To most, a spider web is a sticky silken net—passive, if exquisitely constructed.
One type of arachnid, however, takes its webs a step further, constructing tension-loaded tools with all the aplomb of medieval engineers. These are triangle weaver spiders in the genus Hyptiotes, found in the United States and many other parts of the world. (See 10 beautiful photos that will make you love spiders.)
After building a triangle-shaped web, they anchor themselves to a twig with silk from their abdomen and pull on a central anchor line, stretching the structure tighter and tighter.
They're loading their web with potential energy like a crossbow string, but one in which their bodies are the release mechanism that holds the whole system taut until it's time to fire.
When a bug bumps into the web, the spider let go of its anchor line and releases slack from its abdomen, catapulting its web (and itself) forward and capturing the bug in silk. (See pictures of the world’s biggest, strongest spider webs.)
The effect is “kind of like a net gun,” says Daniel Maksuta, a Ph.D. student at the University of Akron in Ohio and coauthor of a new study on the spider. Sometimes the spider will even “reload” and “fire” the web a few times to ensure its prey is incapacitated, he says.
Now, a new study using high-speed cameras has revealed these webs store and release a staggering amount of energy.
In fact, Hyptiotes cavatus’s web slinging can reach accelerations in excess of 770 meters a second squared, or about 26 times the maximum acceleration of a NASA space shuttle.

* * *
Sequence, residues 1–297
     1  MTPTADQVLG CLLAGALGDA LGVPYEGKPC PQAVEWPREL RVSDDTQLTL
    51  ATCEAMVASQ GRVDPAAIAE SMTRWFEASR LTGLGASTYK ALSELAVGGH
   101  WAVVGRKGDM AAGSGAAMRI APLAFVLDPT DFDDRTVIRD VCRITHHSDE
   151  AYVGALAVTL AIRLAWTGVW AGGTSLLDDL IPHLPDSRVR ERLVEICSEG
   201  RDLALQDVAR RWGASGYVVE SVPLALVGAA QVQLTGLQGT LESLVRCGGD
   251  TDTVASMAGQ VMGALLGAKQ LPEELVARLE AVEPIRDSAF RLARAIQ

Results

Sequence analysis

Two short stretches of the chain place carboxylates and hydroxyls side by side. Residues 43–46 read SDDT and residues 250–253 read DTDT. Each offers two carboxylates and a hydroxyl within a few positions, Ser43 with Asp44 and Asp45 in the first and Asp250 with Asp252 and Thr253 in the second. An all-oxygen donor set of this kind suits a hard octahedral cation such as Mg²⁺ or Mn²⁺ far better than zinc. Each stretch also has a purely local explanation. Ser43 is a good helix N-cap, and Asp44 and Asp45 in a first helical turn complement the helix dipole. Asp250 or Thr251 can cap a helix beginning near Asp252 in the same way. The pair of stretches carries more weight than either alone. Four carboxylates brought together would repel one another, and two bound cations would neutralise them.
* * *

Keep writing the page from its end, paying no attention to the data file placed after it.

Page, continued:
The authors argue it is the animal kingdom's only known example of external power amplification—using an outside object to store and multiply energy to be released all at once.
For the new study, study leader Sarah Han, a Ph.D. student at University of Akron, Ohio, and colleagues captured wild Hyptiotes cavatus spiders and reared them indoors.
The spiders built their webs just as they would in the wild, and the team recorded how they interacted with prey.
Video footage revealed that each time a spider yanks its web, it’s like turning a crank to wind up a catapult. An arm can only generate so much force with a single contraction, but the elasticity of the web allows it to store the force from many contractions and release it all at once—that’s the power amplification.
The team also created software models of webs and ran simulations comparing a spider using power amplification from its web, jumping using muscle power alone, or using internal energy like a jumping flea.
According to their models, the increased energy provided by the tension-loaded web is what enables the spider to capture its prey.
This strategy is also successful for the spiders: In the lab observations, spiders that didn’t release their webs failed to catch their prey 100 percent of the time, according to the study, published May 13 in Proceedings of the National Academy of Sciences. If the arachnids used their web properly, they had a roughly 70 percent success rate. (Read about other spiders that shoot silk.)
Unraveling the mysteries of silk
Other invertebrates produce silk, such as moth larvae, but “it is nowhere near as widespread and functionally diverse as in the spiders,” explains Paul Selden, an paleoarachnologist at the University of Kansas. (Learn how spiders listen to their webs.)
There are nearly as many uses for silk as there are species of spider (more than 45,000), yet even among silk-throwing bolas spiders, sneaky trapdoor spiders, and even electrostatically powered flying baby spiders, Hyptiotes stands out.
“I cannot think of any further evolution of this capture system in spiders, not any comparable capture webs in unrelated species,” Selden says.
Several intriguing questions remain. For instance, when holding their web tight, H. cavatus appear to keep their knees bent, which for most animals would be extremely tiring.
“How can they do it?” Han asks. She plans to find out.